Misery mounts two years after ignominious US exit from Afghanistan

Nov. 27, 2022, London. March for Freedom for Afghanistan’s Women and Girls. PHOTO: Garry Knight / Flickr
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The second anniversary of the U.S. withdrawal from Afghanistan was barely mentioned by the mainstream media this summer. Neither were the deadly aftereffects of U.S. imperialism’s 20-year war, or the desperation and destitution the U.S. and NATO left behind. And never mind the broken promises to many of the 8.2 million Afghan refugees, stranded today in 103 countries. Apparently, for the Biden administration, no news is good news where Afghanistan is concerned.

U.S. deceit. The 9/11 terrorist attack in New York City was the pretext for a U.S. and British invasion of Afghanistan less than a month later; NATO soon joined the fray. The ostensible reason? The ruling Taliban, a Frankenstein creation of the CIA, had refused to hand over Osama bin Laden, mastermind behind the Twin Towers attack. But there was more to the story. The region was of vital geopolitical interest to Wall Street and European imperialism, which were increasingly competing in the region with Russia and China.

Like earlier British and French wars in Afghanistan, Operation Enduring Freedom had absolutely nothing to do with advancing democratic rights.

The Taliban crackdown. Today life has become hell for the people of Afghanistan, especially for women and children. Fifteen million people suffer from catastrophic levels of hunger amid cutbacks in humanitarian aid and economic collapse. Women are barred from most areas of public life and work, and the media is muzzled. Girls cannot attend classes beyond the sixth grade; after that it’s underground schools or nothing.

Arrests, assaults and murders of protesters and journalists are common. As of December 2022, over 18,000 people had been imprisoned. Recently, a ban on beauty parlors as un-Muslim has closed 60,000 places of employment and community for Afghan women.

The United Nations Human Rights Council report in late July was unusually revealing about atrocities and starvation. However, it is not anticipated that the U.N. Security Council will take any meaningful action to alleviate the situation.

Refugees abandoned. Afghanistan’s refugees are the third largest displaced population in the world, after Syrians and Ukrainians. On the final days of the chaotic U.S. exodus from Kabul, the Biden administration left behind thousands of people who were relying on the American government to help them escape repression. But as U.S. planes scurried down the runway, the trail of broken promises and frightened families was long.

After two whole years, 250,000 applications for U.S. asylum are still pending. And fewer than 5,000 of the 97,000 Afghans who resettled here have secured refugee status. Individual GIs and U.S. reporters have tried to help their Afghan translators, but even they run into insurmountable bureaucratic obstacles.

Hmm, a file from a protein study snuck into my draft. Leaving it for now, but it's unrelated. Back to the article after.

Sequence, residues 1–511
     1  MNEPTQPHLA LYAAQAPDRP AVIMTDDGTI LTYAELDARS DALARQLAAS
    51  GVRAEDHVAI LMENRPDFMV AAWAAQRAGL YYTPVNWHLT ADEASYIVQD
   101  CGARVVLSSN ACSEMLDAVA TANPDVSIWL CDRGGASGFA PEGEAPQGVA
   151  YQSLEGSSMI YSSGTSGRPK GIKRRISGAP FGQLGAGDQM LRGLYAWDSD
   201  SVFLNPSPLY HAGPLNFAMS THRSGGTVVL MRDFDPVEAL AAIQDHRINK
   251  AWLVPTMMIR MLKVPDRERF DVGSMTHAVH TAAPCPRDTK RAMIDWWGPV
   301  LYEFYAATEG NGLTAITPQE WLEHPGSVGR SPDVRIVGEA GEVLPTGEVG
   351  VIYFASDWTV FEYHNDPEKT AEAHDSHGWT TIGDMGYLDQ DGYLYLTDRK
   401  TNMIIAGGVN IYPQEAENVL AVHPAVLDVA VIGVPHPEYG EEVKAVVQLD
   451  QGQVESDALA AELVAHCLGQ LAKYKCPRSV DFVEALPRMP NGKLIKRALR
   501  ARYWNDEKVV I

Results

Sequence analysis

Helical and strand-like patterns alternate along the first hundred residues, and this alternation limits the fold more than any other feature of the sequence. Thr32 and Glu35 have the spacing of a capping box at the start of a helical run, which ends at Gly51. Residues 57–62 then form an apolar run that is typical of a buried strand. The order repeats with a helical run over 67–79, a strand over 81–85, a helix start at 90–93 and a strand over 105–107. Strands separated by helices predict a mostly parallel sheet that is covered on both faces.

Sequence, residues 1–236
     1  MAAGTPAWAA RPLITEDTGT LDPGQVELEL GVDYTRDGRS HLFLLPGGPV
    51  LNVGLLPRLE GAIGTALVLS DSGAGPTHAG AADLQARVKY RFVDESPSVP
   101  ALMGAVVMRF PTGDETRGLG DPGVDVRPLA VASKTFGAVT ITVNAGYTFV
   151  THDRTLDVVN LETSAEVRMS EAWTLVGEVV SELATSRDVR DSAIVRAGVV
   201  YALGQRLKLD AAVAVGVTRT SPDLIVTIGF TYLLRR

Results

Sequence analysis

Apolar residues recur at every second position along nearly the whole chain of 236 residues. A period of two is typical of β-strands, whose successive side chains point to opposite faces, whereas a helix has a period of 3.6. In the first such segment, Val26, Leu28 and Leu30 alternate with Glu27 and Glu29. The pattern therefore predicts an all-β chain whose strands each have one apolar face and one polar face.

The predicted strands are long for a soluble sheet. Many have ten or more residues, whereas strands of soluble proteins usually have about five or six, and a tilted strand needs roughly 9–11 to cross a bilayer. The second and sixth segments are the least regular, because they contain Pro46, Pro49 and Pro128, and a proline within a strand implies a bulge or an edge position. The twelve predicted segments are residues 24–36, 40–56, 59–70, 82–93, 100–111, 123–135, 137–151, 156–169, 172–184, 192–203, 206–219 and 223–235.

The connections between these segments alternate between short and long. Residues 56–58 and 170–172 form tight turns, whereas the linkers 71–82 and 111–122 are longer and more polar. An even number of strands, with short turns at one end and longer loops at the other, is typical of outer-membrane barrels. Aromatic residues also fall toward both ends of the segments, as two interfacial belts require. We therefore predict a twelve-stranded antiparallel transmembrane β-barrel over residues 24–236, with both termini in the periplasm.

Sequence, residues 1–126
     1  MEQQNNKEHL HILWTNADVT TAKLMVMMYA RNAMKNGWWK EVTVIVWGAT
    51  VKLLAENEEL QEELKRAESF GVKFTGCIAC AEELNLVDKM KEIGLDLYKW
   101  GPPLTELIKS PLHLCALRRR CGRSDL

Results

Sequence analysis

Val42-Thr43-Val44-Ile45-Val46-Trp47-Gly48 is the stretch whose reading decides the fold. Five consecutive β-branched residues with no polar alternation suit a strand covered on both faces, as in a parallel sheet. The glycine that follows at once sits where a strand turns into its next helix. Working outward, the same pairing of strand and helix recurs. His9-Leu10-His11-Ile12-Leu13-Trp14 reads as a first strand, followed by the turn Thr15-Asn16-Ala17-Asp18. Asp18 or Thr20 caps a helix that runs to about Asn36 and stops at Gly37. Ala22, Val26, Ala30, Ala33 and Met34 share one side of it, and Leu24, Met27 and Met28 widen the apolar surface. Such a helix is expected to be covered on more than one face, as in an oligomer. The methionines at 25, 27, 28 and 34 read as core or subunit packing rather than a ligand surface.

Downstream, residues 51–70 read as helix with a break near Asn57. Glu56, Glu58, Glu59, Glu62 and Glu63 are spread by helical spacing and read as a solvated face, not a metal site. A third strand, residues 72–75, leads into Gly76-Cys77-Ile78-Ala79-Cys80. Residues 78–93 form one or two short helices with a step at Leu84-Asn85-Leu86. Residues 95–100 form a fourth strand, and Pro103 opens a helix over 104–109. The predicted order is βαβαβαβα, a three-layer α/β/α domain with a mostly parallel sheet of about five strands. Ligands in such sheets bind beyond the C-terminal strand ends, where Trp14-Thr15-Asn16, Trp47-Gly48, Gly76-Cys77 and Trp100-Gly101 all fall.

Migrant life in the U.S. is no picnic, as described by this PBS  interviewee: “We’re straining to pay bills as assistance from the government and resettlement agencies runs out; stuck in temporary housing, and trying to figure out how to apply for asylum because most (of us) are under a two-year emergency status called humanitarian parole.

Now antagonism toward Afghans is rising. Iran has already deported 5,000 migrants. Taliban ally Pakistan offers little help to stranded escapees, instead pushing them back across the border into Afghanistan.

Global resistance crucial. Afghans who oppose the crushing of civil and labor rights, free speech and women’s freedom have been largely driven underground by ruthless Taliban suppression. But Left Radical of Afghanistan (LRA) points out that “Left and progressive forces in (our country) have always been suppressed by Islamic parties and their foreign backers, whether during the anti-Soviet war or the U.S./NATO war.”

Despite the crackdown, women and girls have bravely taken to the streets in small numbers to demand their rights. Each time, they risk being beaten, jailed or killed and expose their families to retaliation. Recently they have resorted to indoor rallies which they air on the internet. Their defiance is spreading the word that Afghan women will not be silenced.

The Spontaneous Movement of Afghan Women (SMAW) recently sponsored two European speaking tours to widen awareness of the need for revolutionaries to support the indigenous struggle against the Taliban. Today LRA and SMAW are key to building crucial international support for the Afghan resistance at home and across the globe.

The FSP calls on:

  • Human rights organizations, labor unions, feminists and radicals of all nationalities to fight for open borders and universal asylum for Afghans seeking refuge in their countries.
  • The U.S. government to immediately process the backlog of visa applications and provide sufficient aid to Afghan refugees in the U.S. to start new lives here.
  • The Taliban government to lift all restraints on women’s and girls’ universal human rights and open all forms of employment and education to them.

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